Later Diagnosis of Cystic Fibrosis with Negative Newborn Screen: Importance of the Clinical Picture

Article Information

Oscar Jairo Valencia Ocampo*, Luis Alfonso Correa Londoño, Margarita María Velásquez Lopera

Dermatologist, Department of Dermatology, Centro de Investigaciones Dermatológicas CIDERM, Faculty of Medicine, University of Antioquia, Medellín, Antioquia, Colombia

*Corresponding Author: Dr. Oscar Jairo Valencia Ocampo, Dermatologist, Department of Dermatology, Centro de Investigaciones Dermatologicas CIDERM, Faculty of Medicine, University of Antioquia, Medellín, Antioquia, Colombia

Received: 17 August 2019; Accepted: 07 September 2019; Published: 26 November 2019

Citation: Batoczki B, Galvis AE, Pecson IS, Meyers J, Nakamura C. Later Diagnosis of Cystic Fibrosis with Negative Newborn Screen: Importance of the Clinical Picture. Archives of Clinical and Medical Case Reports 3 (2019): 611-614.

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Abstract

Cystic fibrosis (CF) is the most common inherited life-limiting disorder among Caucasians. The implementation of CF newborn screening has enabled early diagnosis and prompt treatment onset. However, several factors may affect circulating levels of immunoreactive trypsinogen leading to a normal CF newborn screen. This case aims to highlight the importance of taking clinical manifestations as a strong factor for the diagnosis of CF even in the presence of a negative newborn screen. This may allow early referral to a specialized CF center where the onset of appropriate treatment can be implemented, thereby positively impacting the course of the disease.

Keywords

Cystic fibrosis; Newborn screen

Cystic fibrosis articles, Newborn screen articles

Article Details

1. Introduction

Excluding non-melanoma skin cancer, breast cancer is the most commonly diagnosed cancer in women in Colombia, about 13,380 cases were diagnosed in 2018, corresponding to 24.8% of carcinoma cases. In the world, 2.1 million new cases of breast cancer were estimated in 2018. Female breast cancer ranks fifth among the leading causes of death worldwide (627,000 deaths, 6.6%) because the prognosis it is relatively favorable, at least in the more developed countries, however, in Colombia it is the leading cause of cancer death in women (15%), followed by lung cancer (13.8%) and colorectal cancer (9.5 %), which are also the third and second most common type of cancer in women, respectively. (http://gco.iarc.fr/today/data/factsheets/populations/170-colombia-fact-sheets.pdf)

Cutaneous metastases result from infiltration of the skin by proliferation of cells from malignant tumors located at a distance [1] Metastases to the skin may be the first sign of an internal neoplasm in up to 3.5% of cases, in these cases they are considered to be of poor prognosis and the diagnosis of primary carcinoma is usually difficult to perform. The overall incidence of cutaneous metastases in patients with cancer is 5.3% (ranging from 0.6 to 10.4%), it increases in patients with breast cancer up to 23.9% [2, 3] Breast cancer is the second cause of cutaneous metastases after melanoma [4].

Next, we report the case of a patient with a carcinoma in cuirasse that manifested as keloid-like lesions and was the cause for which the patient consulted with dermatology.

2. Synopsis of the Case

56-year-old woman, a native of the city of Medellín, Colombia. The patient went to the dermatological consultation for a clinical picture of 1.5 years of evolution of painful erythematous lesions such as scars on the right breast that progressed to affect much of the anterior and superior thorax, had not received any treatment. When the patient was interrogated for the presence of nodules or masses in the breasts, the patient reported the presence of an asymptomatic nodule in the right breast for 3 years, which she had not consulted because she did not consider it important. She had a pathological history of hypertension in treatment with hydrochlorothiazide 25 mg/day and diabetes mellitus in treatment with Metformin 1700 mg/day. Gynecobstrict history: menarche at 13 years, menopause at 51 years, one pregnancy, one vaginal delivery and a one live child. She had no surgical or allergic history. Family history of family hypertension, no history of oncological diseases in her family. During the physical examination, the presence of numerous pink and violet coalescent plaques was evident. They were bright, with a smooth surface and a keloid cicatricial appearance, sclerodermatous and painful on palpation, which made it impossible to palpate breast tissue. The lesions affected both breasts, being more infiltrated on the right side (Figure 1).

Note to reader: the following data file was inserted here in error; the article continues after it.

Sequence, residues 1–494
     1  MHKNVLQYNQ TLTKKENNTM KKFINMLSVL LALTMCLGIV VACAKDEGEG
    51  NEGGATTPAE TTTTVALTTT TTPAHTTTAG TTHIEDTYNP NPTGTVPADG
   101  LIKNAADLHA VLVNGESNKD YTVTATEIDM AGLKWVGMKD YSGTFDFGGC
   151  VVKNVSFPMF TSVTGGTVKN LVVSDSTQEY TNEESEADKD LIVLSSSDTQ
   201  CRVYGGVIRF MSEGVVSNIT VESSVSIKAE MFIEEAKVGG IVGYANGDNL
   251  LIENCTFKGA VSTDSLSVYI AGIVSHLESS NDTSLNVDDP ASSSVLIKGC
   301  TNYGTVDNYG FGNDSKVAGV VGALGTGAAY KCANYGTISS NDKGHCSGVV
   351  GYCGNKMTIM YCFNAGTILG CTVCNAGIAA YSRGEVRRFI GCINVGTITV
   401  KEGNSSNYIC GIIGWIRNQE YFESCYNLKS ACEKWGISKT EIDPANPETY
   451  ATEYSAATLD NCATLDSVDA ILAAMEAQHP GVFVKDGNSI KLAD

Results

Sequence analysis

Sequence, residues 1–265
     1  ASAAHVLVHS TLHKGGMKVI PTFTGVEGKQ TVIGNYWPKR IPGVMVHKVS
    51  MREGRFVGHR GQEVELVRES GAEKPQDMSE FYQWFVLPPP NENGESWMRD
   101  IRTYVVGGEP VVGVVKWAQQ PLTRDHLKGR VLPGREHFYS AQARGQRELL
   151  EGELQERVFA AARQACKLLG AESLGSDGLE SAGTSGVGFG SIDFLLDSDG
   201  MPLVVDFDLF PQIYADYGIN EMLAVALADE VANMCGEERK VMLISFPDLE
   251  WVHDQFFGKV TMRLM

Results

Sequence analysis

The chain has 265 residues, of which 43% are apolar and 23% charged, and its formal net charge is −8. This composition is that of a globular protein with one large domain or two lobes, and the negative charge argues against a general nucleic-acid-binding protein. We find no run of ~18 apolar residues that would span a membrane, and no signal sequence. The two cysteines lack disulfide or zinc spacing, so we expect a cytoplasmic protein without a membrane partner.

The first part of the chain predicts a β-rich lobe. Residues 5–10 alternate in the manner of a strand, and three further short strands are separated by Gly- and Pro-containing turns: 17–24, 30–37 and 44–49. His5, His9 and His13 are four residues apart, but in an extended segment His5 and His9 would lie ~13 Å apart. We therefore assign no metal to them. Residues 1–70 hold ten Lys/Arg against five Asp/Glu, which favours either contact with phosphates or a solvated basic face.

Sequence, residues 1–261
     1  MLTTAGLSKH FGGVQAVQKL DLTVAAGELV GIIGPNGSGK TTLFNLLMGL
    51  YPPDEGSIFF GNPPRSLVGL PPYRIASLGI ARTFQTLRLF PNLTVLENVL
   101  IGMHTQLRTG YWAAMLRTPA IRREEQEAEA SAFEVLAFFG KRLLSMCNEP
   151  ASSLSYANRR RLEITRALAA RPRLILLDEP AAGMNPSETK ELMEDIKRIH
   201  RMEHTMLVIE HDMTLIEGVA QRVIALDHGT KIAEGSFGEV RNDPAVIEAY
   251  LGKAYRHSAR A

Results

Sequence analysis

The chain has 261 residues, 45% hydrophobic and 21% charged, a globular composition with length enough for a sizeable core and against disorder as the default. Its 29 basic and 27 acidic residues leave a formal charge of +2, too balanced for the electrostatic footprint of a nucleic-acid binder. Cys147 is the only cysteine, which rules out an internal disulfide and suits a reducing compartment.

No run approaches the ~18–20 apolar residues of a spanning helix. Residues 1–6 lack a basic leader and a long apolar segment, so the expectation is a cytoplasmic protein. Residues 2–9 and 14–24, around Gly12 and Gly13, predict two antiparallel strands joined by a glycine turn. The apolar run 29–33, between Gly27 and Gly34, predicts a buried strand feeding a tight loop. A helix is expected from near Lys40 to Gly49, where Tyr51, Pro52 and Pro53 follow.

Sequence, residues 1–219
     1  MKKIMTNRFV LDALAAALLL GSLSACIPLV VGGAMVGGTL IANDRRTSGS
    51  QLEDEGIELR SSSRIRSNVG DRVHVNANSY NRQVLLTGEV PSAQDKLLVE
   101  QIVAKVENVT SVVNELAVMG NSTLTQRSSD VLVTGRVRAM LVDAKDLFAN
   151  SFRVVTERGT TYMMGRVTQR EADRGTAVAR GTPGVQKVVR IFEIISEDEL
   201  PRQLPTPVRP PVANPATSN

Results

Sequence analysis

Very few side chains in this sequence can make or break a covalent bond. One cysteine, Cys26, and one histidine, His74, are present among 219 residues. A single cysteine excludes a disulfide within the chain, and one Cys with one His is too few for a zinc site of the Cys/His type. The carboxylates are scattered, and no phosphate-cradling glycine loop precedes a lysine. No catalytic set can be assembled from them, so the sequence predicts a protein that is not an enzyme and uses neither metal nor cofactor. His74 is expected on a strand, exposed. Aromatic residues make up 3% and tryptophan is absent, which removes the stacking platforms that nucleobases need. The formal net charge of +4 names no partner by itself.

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Figure 1: Sclerotic plaques, plastered, erythematous-violaceous on anterior thorax. Areas of keloid appearance. Greater involvement of the skin of the right breast.

With the diagnostic impressions of a cutaneous metastasis of a breast cancer or spontaneous keloids or keloid nodular morphea, a skin biopsy was taken with a punch, the presence of a malignant neoplasm of epithelial lineage was found in the histopathological analysis, cells with a clear and scarce cytoplasm, pleomorphic and hyperchromatic nuclei and atypical mitosis, an infiltration of the collagen bundles by neoplastic cells was observed, in an "Indian row" pattern. Immunohistochemistry was positive for estrogen and progestogen hormone receptors. (Figure 2) The clinical correlation of infiltrated hard plaque type lesions such as extensive keloid scars that affected the anterior trunk and gave the appearance of a rigid armor and the aforementioned histopathological findings corresponded to the diagnosis of cutaneous metastasis of breast cancer type carcinoma en curaisse.

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Figure 2: Malignant neoplasm of epithelial lineage, constituted by cells of a clear and scarce cytoplasm, pleomorphic and hyperchromatic nuclei and atypical mitoses. Hematoxylin-eosin x10. Infiltration of the collagen bundles by neoplastic cells, in an "Indian row" x40 pattern (box). Estrogen and positive progestogen hormone receptors.

Mammography could not be performed due to the great induration of the breast tissue. Evaluation with bone gammagraphy showed a polyostotic metastatic compromise (Figure 3). No thoracoabdominal metastases were found by tomographic studies.